European debt markets ‘face second credit crisis’
European debt markets could be hit by a second credit crisis within months as fears grow over the huge volume of new bonds that must be sold by governments and banks in 2011.
By Harry Wilson
02 Jan 2011
Banks alone must refinance about €400bn (£343bn) of debt in the first half of the year, but add in the more than €500bn European governments must replace over the same period, as well as further hundreds of billions of euros of mortgage-backed debt maturing and there is the potential for chaos in the credit markets.
“What we are looking at here clearly has the potential to become a second credit crunch. However, this time it would be much worse than before,” said Celestino Amore, founder of IlliquidX, which specialises in trading hard-to-price debt.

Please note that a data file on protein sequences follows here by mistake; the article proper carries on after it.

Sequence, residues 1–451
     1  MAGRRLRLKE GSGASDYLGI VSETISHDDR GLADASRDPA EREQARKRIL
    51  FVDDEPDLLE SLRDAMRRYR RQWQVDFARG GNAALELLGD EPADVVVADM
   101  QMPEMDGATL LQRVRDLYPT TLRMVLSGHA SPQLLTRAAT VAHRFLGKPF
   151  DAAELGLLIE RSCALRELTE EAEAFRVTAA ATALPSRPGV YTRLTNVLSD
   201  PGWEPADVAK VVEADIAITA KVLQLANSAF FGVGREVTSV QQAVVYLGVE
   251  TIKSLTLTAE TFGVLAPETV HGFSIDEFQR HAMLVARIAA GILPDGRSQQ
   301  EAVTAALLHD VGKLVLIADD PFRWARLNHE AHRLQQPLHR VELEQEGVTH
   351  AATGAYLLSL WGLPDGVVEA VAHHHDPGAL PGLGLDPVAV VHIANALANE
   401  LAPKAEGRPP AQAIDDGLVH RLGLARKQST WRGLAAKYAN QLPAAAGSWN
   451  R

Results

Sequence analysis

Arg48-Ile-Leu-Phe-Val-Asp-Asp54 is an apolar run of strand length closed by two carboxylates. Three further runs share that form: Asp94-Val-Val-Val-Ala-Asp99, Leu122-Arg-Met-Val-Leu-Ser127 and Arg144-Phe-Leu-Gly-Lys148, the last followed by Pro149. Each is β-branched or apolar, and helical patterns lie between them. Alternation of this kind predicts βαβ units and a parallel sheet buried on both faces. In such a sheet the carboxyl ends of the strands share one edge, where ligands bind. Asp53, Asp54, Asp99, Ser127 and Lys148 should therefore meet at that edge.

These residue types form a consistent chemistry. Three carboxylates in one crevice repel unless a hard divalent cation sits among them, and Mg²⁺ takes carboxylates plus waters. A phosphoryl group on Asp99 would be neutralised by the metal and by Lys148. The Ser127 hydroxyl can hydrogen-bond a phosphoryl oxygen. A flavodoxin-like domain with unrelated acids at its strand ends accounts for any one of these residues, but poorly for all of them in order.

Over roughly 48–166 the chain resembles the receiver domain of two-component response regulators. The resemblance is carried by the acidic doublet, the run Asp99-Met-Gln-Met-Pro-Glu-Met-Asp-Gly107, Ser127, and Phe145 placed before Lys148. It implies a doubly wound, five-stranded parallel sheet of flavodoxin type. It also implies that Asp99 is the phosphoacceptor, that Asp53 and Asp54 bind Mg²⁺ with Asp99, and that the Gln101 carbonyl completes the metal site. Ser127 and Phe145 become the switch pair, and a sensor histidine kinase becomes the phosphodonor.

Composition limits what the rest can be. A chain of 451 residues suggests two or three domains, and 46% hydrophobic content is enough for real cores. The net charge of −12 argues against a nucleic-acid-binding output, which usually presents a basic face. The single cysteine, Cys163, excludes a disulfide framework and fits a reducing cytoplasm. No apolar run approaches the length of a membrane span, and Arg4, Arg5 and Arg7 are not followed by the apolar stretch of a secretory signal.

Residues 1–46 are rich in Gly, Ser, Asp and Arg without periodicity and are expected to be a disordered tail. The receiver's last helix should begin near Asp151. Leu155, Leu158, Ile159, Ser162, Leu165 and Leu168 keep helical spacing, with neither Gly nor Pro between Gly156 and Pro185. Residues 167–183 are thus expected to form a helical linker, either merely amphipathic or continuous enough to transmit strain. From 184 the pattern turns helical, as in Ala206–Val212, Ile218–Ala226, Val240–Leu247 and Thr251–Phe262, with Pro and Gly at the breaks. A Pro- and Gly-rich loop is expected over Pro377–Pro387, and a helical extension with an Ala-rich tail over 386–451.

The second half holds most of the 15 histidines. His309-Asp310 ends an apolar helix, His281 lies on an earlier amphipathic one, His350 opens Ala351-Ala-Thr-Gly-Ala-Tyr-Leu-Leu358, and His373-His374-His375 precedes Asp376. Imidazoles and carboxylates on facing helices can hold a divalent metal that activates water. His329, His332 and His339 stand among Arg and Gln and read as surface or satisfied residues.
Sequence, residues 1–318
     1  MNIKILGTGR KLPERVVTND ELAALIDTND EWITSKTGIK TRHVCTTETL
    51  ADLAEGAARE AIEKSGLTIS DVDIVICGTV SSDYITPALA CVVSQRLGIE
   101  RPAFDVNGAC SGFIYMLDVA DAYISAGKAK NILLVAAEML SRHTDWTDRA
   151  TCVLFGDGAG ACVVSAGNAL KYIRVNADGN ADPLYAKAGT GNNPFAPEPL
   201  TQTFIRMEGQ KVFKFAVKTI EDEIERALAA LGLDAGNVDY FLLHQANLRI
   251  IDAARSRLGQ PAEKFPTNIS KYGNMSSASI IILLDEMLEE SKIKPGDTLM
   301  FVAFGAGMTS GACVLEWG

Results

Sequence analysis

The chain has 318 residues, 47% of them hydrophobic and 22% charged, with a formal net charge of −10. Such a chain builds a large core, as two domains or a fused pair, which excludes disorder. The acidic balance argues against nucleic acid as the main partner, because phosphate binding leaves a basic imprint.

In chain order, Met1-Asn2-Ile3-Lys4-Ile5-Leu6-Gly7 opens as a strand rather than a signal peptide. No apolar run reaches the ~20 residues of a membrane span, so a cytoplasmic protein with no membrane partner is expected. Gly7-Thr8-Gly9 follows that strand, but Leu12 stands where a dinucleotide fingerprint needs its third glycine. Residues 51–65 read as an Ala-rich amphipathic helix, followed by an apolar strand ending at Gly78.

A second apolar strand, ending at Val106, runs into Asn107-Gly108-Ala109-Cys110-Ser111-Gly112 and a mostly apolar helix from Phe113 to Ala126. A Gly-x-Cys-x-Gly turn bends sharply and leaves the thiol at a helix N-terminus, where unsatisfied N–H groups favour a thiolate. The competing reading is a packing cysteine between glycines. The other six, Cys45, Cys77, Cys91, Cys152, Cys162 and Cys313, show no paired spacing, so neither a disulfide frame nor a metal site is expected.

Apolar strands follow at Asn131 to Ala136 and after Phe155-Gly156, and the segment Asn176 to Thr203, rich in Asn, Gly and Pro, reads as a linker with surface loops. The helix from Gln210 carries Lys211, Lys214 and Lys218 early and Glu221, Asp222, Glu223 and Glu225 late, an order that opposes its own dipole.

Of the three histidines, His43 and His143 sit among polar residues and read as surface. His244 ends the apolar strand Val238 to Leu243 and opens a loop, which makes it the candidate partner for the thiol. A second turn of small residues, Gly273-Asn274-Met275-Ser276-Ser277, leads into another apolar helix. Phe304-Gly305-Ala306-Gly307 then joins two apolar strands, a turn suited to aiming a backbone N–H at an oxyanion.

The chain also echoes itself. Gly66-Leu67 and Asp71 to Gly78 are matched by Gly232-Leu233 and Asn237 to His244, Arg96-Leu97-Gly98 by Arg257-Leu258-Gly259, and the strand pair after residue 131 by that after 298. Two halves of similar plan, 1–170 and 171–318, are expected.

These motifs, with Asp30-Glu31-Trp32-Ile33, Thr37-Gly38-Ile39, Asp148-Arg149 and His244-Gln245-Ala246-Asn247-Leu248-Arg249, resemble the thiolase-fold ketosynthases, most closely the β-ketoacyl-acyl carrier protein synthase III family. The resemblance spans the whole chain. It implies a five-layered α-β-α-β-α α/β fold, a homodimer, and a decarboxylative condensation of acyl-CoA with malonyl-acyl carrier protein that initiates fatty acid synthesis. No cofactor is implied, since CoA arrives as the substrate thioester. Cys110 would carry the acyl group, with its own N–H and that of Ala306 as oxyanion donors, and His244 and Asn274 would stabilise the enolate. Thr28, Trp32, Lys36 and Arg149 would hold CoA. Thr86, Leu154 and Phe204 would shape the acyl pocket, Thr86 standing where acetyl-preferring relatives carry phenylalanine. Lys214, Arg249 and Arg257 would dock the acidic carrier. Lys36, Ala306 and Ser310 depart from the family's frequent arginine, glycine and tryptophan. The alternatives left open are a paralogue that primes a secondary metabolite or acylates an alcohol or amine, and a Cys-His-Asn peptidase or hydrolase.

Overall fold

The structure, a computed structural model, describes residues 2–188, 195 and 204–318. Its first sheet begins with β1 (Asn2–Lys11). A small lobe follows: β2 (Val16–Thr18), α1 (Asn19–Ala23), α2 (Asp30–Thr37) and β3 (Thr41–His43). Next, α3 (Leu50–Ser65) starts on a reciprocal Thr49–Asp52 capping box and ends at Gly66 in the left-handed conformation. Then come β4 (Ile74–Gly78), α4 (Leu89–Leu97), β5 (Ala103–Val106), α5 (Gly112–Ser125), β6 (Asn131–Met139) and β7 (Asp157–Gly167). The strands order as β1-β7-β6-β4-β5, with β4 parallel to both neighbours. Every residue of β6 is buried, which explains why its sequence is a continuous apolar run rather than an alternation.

“Governments have been able to slow down the process, but the problems did not go away. There remains trillions of dollars of debt that must be refinanced or sold.”
Mr Amore predicts a rush to sell assets, much like that which kicked off the first credit crunch in the summer of 2007. However, many fund managers and other large institutional investors are looking to reduce their exposure to bonds, leading to warnings that there will not be enough demand to buy all the debt banks and governments will need to sell.